A Reprieve From The City's Unique, Uh, Summer Perfume

Why we make time to pop into a spice shop or two.

August 31, 2017 ● 4 min read

By Cassandra Landry | Photo thmacx via iStock 

There's this sensory parade in my commute, as I'm climbing the stairs out of the mouth of the subway, that goes like this: urine, urine, disinfectant, garbage, caramel, urine, exhaust. 

That little blip of caramel wedged in the onslaught of the street? That's thanks to a candy shop on the corner, and it makes my day every single time. I want to live in that slipstream of caramel air snaking its way through the ceaseless fug of downtown. When you're trying to decide if it's best to breathe through your mouth or just give in and inhale deeply through your nose, it feels like a miracle. 

Some cities get walloped with thick summer air more than others—we feel you, New York—when steam grates belch hot fog and every smell that ever was is suspended in mid-air. Summer's olfactory assault is an undeniable feature of the season, and part of what we love about it, but damn: sometimes we could use a break. Know what smells awesome, all the time? Spice shops.  

“The spices want to be where you want to be,” Lior Lev Secarz told a small gathering of people clutching his book, The Spice Companion, in a basement in San Francisco. This was sometime last year, when Secarz was touring his new tome. It was rainy that night, and humid. Bowls of spiced popcorn stood on tabletops next to neat towers of little jars full of blends for guests to take home. Spices don’t want to be crammed into a forgotten cabinet, he continued, going stale in the dark; they want to breathe, to be out in the world. Everyone nodded, and wrote this down. 

Secarz is the owner of New York City’s La Boîte à Epice, and scent—how it defines our relationship to flavor and affects our memories—is a cornerstone of his work in the spice business. Born and raised on a kibbutz in Northern Israel, he's the kind of person who can wax poetic on the black pepper harvest of 2016 (“the best in recent memory”) and spin tales of his far-flung suppliers (one of whom lives on an island only visited by boat every two months) in one breath. His favorite smell, more beloved than front-runners like cinnamon or cardamom, is rain.

Courtesy La Boîte

"I stop every time it rains. Today, when I landed, I smelled it," he told me in the minutes before he got up to speak. He gestured towards the wet windows. "Even from the airplane, there's something in the air. I especially love it in Israel, but that's also because it's very emotional: as kids, after the rain, we'd put rubber boots on and run in puddles. It's such a complex smell, and it's better than any fragrance I know of."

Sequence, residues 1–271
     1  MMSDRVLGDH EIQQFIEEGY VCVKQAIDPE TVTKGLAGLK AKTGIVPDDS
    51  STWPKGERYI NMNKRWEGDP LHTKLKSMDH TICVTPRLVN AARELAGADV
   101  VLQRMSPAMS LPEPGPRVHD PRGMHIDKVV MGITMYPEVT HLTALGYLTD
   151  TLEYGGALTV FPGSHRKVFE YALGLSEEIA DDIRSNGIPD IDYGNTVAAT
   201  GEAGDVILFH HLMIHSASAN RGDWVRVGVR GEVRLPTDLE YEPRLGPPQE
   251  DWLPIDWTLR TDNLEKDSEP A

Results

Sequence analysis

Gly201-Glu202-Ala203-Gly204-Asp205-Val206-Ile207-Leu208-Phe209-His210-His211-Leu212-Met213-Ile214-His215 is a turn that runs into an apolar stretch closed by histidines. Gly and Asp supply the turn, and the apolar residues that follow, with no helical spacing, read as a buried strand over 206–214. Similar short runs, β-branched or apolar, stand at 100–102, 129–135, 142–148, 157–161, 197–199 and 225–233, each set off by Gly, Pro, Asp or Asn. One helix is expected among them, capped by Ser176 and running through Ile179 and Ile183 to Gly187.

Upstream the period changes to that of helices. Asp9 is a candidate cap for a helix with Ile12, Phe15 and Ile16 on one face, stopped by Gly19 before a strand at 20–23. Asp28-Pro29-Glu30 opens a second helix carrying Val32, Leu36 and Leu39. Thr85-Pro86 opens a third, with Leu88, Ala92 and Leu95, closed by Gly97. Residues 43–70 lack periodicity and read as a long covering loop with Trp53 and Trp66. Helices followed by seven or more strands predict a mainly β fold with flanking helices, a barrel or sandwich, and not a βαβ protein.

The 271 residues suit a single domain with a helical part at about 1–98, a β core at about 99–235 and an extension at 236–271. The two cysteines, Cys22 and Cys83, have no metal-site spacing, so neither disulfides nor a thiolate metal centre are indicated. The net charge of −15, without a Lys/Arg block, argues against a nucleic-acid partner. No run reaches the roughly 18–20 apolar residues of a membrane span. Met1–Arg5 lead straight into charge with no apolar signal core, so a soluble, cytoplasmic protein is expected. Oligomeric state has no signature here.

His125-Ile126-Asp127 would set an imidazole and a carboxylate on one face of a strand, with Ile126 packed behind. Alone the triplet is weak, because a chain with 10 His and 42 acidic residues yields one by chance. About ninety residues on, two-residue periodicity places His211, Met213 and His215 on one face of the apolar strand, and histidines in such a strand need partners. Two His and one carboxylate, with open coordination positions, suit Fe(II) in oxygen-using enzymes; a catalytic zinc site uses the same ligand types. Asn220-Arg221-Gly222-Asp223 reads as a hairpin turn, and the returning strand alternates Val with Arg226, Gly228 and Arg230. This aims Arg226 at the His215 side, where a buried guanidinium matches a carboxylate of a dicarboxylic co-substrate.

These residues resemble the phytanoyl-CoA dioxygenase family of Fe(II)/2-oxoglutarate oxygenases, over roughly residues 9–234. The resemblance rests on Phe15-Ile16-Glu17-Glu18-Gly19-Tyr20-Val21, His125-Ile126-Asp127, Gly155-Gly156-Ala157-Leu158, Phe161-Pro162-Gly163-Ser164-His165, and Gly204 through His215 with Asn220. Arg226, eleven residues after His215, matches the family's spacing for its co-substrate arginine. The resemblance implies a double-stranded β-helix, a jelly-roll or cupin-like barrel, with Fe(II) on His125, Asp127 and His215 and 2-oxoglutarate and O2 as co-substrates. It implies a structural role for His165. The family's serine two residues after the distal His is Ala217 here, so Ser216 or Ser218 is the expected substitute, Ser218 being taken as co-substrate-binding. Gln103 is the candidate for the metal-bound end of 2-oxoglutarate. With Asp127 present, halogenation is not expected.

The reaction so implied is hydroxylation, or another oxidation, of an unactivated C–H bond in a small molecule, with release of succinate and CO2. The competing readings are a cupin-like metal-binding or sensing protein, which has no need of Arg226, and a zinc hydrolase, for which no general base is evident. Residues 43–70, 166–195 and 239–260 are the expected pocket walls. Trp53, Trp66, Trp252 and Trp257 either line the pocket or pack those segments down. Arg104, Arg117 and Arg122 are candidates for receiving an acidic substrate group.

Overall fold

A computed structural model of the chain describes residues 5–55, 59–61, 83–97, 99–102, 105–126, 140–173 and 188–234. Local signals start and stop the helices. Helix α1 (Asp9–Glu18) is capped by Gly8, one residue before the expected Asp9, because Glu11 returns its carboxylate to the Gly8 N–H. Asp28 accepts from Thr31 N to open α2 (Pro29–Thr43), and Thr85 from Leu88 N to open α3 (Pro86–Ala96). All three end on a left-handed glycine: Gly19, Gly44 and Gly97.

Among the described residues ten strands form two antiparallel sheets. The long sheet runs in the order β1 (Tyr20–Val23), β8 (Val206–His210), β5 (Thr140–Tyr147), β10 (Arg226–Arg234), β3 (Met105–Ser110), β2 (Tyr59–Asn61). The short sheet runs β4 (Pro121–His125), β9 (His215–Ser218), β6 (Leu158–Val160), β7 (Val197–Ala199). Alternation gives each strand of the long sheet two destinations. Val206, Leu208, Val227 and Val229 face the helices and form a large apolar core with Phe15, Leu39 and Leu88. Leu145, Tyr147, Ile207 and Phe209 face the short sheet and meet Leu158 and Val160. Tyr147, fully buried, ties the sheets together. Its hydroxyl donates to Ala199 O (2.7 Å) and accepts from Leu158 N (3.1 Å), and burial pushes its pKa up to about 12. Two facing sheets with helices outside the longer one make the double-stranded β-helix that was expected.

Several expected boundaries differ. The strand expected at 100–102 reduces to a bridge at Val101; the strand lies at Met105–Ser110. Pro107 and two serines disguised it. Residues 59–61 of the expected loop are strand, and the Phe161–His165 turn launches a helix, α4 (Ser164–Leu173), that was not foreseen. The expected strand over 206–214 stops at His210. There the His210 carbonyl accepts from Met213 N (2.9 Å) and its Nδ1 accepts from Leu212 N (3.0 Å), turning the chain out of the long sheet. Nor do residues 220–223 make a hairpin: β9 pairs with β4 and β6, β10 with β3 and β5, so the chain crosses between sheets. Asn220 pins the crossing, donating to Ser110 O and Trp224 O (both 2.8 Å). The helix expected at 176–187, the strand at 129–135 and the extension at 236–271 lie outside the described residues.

He was a chef first, which shows in more ways than his palate; he dislikes when people are unorganized with their time, and doesn't believe in boredom. There is always something to do, to discover, to think about. His challenge at La Boîte is to teach people how to think differently about spices, to consider their seasonality and flexibility. His go-to adage, which appears in the book and he repeats in his talks, concerns the use of salt and pepper. While most recipes end with instructions to season with salt and pepper, when what they mean is season with sodium and heat, Secarz writes. What that means is up to the cook. 

"I want to have them think. I want to have them puzzling with what to make. I can provide them with some answers but like a lot of things, it's a journey that you have to do with yourself," he explained. "Spices have the ability to really take you places without going anywhere. They create emotions that are hard to capture. How do we take that and translate it into a blend? It's an experience, a memory— how do you evoke that?”  

These are the central questions Secarz seeks to illuminate through what he calls spice therapy: custom spice blends designed after the lives of his clients (for a deep-dive on the experience, read this fantastic piece in The New York Times Magazine from 2013).
 "It’s such an intimate experience. People really love this idea of somebody analyzing them and who they are, and how they cook and what they like," he said. "It's allowed people to explore the process of everything that I do—the sourcing, the blending—and gives them the understanding that it's beyond food." 

The nice thing is, whether you find yourself standing in a spice shop seeking answers or just want to stick your nose into something otherworldly for a minute, no one will judge you. Come for a salve from that guy who held his armpit in your face for five stops, stay for a custom life-altering blend. Baby steps. 

In New York City, pay Secarz a visit at La Boîte à Epice and pick up biscuits and custom spice blends made for chefs like Eric Ripert, Daniel Boulud, and Ana Sortun. Consider it fairy dust for your cooking. In Northern California, San Francisco's pristine Spice Ace and Oakland's funky Oaktown Spice Shop are our preferred summer sanctuaries; in Los Angeles, hit up The Spice Way LA in Studio City for a sensory vacation. Spice House in Chicago is a beloved, brick-walled storefront in Old City.